Makes you think, too, about the extraordinary luck which brought us today's top Tories. If John Major, for example, had been a few inches smaller, he would have got that job on the buses, and would probably even now be helping old ladies with their shopping trollies on the 159 from Streatham to Oxford Circus. And did you know that in Essex, as a boy, Sir Norman Fowler was an oustanding goalkeeper, the net minder and custodian who steered King's Road Primary to Chelmsford Schools Cup triumph? In 1966 he would have been about the same age as Gordon Banks, too. But he chose politics, as did Kenneth Clarke, whose other ambitions were to be a works driver for Ferrari and to play the tenor sax, a sort of Nigel Mansell with sideburns.
Michael Portillo is another one with showbiz leanings, as you can tell from his present hairstyle, a tribute to the great Ken Dodd. At eight, Michael was the Ribena Kid, with the world stretched before him - Bisto, Levis, Milk Tray, perhaps, even, Gold Blend. But no, he chose politics. Douglas Hurd has sacrificed a full-time writing career, as has John Gummer, who, at eight, won a prize open to children under 16 offered by the newly nationalised British Gas on 'What Mr Therm Gets From Coal'. John was also for a time a RE teacher at a secondary modern, and Gillian Shephard was a French teacher.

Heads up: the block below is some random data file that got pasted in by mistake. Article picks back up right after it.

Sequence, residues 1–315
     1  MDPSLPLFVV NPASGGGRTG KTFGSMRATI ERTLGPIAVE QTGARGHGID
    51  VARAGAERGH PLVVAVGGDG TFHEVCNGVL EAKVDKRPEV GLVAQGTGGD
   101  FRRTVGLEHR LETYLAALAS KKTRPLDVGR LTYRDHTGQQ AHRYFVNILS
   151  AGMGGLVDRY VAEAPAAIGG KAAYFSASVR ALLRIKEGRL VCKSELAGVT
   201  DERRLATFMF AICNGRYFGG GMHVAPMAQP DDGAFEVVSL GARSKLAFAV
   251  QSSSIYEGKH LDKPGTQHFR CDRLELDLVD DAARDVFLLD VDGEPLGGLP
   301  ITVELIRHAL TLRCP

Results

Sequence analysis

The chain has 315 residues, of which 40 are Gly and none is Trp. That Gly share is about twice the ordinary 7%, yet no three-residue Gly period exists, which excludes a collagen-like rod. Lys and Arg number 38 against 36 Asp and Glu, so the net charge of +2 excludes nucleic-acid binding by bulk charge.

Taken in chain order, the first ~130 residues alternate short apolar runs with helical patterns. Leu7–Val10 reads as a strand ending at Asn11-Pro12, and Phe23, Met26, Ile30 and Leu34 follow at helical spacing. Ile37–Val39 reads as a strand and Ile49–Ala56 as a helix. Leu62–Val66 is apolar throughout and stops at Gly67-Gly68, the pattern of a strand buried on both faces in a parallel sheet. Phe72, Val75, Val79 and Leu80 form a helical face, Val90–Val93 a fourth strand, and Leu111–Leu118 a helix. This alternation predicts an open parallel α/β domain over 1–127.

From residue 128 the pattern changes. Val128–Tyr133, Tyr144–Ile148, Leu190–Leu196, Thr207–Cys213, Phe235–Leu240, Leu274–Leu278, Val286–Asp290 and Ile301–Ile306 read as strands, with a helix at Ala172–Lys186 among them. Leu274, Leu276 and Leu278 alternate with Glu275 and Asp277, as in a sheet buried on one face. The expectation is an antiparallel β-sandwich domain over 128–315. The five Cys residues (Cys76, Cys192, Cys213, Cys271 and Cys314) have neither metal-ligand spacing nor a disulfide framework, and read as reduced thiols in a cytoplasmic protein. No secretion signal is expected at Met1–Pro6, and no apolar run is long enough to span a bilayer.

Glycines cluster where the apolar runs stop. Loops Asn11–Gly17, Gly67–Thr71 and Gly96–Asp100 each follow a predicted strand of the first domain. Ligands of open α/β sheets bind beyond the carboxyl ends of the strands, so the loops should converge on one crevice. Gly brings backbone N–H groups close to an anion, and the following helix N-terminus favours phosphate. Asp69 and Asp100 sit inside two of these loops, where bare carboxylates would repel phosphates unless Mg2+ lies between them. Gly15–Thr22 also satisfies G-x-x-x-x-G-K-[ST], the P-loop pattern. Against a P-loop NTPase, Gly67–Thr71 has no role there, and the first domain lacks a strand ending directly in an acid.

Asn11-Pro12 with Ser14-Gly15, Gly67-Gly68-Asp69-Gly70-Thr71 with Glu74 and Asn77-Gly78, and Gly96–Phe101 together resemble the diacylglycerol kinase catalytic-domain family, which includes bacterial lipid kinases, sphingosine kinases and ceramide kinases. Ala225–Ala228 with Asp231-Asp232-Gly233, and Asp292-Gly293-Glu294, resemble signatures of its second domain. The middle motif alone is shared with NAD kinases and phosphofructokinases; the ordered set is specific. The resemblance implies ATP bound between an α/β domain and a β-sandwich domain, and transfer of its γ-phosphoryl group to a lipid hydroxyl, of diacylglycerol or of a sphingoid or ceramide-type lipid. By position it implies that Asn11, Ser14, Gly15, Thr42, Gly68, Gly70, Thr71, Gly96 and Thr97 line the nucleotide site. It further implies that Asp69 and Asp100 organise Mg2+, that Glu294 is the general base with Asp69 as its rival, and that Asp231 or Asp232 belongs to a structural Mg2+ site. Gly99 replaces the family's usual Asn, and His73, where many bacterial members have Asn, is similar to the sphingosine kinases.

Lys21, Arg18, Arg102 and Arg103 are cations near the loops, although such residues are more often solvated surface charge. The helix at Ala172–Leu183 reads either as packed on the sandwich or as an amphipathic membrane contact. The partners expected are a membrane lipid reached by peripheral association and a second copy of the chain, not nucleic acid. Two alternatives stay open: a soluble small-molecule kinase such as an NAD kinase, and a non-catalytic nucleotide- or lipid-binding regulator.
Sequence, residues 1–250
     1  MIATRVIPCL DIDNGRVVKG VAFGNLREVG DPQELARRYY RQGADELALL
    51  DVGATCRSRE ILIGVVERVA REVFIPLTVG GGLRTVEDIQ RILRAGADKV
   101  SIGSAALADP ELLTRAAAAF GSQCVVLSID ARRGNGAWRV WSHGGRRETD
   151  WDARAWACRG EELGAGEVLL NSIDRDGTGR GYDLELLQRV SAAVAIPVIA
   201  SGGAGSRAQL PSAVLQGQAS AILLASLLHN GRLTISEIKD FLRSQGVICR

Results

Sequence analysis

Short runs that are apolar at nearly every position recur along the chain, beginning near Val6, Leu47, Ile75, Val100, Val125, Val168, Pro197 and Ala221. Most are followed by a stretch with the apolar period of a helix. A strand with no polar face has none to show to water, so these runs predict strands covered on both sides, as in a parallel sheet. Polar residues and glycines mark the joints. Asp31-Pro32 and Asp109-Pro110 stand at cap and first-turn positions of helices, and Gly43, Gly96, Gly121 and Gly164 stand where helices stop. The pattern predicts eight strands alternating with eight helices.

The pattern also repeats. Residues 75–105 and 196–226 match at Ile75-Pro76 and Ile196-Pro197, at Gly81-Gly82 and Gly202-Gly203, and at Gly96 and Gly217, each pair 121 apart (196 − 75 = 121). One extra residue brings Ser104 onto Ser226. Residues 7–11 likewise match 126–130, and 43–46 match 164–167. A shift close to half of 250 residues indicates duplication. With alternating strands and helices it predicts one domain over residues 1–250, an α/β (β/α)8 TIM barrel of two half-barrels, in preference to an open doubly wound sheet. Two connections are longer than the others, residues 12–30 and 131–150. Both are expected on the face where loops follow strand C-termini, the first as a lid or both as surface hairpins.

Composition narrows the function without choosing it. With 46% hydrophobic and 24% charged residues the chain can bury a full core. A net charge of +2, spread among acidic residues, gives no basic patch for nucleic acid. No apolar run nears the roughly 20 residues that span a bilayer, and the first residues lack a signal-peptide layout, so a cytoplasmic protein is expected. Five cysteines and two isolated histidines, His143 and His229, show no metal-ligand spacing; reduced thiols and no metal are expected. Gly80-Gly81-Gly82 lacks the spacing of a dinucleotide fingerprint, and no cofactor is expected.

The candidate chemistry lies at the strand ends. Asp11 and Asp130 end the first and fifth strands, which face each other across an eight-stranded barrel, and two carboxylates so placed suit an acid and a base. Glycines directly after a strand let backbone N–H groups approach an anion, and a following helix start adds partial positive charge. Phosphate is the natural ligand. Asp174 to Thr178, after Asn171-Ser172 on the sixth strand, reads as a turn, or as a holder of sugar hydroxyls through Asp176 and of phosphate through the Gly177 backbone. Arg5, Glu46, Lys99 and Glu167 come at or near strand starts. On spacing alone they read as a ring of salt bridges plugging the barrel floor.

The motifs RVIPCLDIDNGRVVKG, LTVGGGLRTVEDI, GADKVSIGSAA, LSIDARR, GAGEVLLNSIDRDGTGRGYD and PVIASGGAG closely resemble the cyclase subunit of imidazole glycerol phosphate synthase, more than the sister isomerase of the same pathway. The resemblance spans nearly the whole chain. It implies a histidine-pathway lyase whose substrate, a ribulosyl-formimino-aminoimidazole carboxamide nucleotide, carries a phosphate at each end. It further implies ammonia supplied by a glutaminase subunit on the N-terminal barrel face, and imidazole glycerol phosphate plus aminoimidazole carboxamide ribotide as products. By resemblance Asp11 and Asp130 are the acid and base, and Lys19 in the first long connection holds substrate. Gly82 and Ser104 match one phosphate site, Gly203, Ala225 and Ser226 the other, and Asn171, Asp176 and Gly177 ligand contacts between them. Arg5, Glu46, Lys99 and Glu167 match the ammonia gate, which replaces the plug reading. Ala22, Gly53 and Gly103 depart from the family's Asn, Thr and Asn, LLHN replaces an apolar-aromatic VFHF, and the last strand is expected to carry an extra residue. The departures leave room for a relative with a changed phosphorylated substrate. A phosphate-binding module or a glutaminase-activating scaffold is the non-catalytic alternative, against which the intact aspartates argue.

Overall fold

John McGregor, as you might expect, is an accomplished magician, a member of the Magic Circle. As a teenager, he used to perform at summer variety shows: his particular expertise was mind reading, a talent which has not proved all that useful with the present Cabinet. And Peter Brooke, as we all know, has a fine singing voice. The greatest loss, though, in recent times, has been that to the confectionery industry, where, at J Lyons, M Thatcher worked in the research department checking the quality of cake fillings. And you wonder why swiss rolls don't taste like they used to.Reuse content